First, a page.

Theater archives



Karagiozis, the wily and witty puppet of Greek and Turkish folk tradition, was loved by audiences as the crafty underdog who could dupe even the smartest aristocrat out of a drachma or two. Traditionally rendered as shadow-puppet theater, the tales of Karagiozis are here lifted from those two-dimensional confines and given an outdoor staging by master puppeteer Ralph Lee’s Mettawee River Theater Company. Charismatic Evan Zes plays the humpbacked Karagiozis with a goofy voice and foot-long proboscis that he wags at the mostly pint-size audience for laughs. It is largely a show for children, but even adults can find humor in Dave Hunsaker’s script that sprinkles in present-day politics with the dirty jokes and silly puns Karagiozis is known for.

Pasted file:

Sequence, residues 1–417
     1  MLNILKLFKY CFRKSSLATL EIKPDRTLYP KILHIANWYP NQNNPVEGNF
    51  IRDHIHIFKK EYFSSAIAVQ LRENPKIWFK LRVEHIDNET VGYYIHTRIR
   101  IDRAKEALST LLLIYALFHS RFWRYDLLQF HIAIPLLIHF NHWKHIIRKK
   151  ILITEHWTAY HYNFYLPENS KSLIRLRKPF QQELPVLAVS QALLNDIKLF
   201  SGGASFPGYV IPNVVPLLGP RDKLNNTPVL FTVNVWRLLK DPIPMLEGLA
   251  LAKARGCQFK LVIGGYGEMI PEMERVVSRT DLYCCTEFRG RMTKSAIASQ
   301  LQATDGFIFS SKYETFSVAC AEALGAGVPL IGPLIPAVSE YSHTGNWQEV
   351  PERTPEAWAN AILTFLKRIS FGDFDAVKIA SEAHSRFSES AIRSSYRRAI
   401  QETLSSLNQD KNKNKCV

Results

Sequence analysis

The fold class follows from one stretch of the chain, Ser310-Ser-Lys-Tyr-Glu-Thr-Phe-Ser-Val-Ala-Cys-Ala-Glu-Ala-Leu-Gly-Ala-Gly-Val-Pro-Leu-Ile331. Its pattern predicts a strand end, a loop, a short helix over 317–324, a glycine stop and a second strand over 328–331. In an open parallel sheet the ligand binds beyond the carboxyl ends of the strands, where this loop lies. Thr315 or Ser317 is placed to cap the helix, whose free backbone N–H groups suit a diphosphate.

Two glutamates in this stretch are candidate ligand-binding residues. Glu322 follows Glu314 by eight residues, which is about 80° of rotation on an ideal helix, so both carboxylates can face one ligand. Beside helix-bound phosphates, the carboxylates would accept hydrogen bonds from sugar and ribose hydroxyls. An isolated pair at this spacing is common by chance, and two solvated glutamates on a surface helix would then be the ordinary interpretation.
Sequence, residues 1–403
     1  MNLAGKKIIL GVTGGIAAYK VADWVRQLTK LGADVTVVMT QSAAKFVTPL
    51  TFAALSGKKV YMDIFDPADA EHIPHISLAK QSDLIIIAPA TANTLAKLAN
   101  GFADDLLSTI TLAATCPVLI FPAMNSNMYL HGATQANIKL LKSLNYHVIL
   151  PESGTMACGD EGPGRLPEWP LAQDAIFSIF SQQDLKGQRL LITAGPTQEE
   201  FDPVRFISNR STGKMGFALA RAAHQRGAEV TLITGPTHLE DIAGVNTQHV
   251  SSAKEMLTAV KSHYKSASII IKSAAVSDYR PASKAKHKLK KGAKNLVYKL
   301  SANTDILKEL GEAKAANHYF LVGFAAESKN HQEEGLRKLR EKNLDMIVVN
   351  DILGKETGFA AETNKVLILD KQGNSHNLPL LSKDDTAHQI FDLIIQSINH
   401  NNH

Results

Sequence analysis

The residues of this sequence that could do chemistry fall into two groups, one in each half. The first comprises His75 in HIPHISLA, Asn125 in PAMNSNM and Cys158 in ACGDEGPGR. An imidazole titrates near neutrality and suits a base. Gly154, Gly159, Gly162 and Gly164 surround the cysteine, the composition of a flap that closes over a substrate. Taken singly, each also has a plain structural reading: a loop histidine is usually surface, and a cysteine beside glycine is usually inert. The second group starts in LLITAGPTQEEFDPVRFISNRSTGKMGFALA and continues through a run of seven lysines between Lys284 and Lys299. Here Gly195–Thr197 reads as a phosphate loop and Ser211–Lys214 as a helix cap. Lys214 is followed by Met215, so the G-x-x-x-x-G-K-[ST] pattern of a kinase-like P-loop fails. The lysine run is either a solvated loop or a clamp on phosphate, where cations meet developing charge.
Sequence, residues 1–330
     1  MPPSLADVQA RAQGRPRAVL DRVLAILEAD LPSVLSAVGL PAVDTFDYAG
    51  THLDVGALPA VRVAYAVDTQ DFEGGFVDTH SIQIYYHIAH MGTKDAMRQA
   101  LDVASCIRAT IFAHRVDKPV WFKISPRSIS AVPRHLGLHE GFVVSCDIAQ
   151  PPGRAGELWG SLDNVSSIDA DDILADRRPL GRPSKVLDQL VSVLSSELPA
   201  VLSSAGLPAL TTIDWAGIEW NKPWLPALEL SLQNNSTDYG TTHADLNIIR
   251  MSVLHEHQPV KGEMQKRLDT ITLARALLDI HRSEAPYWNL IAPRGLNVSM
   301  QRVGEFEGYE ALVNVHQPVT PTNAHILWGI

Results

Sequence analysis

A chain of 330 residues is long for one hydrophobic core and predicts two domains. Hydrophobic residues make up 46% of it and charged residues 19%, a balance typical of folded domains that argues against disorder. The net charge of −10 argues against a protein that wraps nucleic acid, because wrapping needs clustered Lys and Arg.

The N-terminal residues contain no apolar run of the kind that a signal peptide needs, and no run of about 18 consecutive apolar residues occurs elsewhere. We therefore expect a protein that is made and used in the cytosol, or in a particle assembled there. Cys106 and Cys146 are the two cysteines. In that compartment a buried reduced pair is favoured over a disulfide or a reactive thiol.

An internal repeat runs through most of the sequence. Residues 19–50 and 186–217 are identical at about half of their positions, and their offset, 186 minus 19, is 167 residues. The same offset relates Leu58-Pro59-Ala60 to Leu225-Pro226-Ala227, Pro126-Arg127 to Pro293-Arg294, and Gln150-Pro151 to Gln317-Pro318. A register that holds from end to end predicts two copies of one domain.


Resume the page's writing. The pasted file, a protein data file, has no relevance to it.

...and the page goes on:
The evening is divided into two plays, primarily memorable for Lee’s strange and wonderful creations, including a giant walking head and a dancing shack of calico rags. The first features Karagiozis as the servant of Alexander the Great, who battles a fearsome winged dragon made from pipes, motorcycle parts, and other junkyard scraps. In the second, Karagiozis applies for a job as a baker only to run off with the townspeople’s food. His antics may seem mean-spirited, but when he confesses, “I’ve kneaded dough my whole life,” it’s easy to sympathize.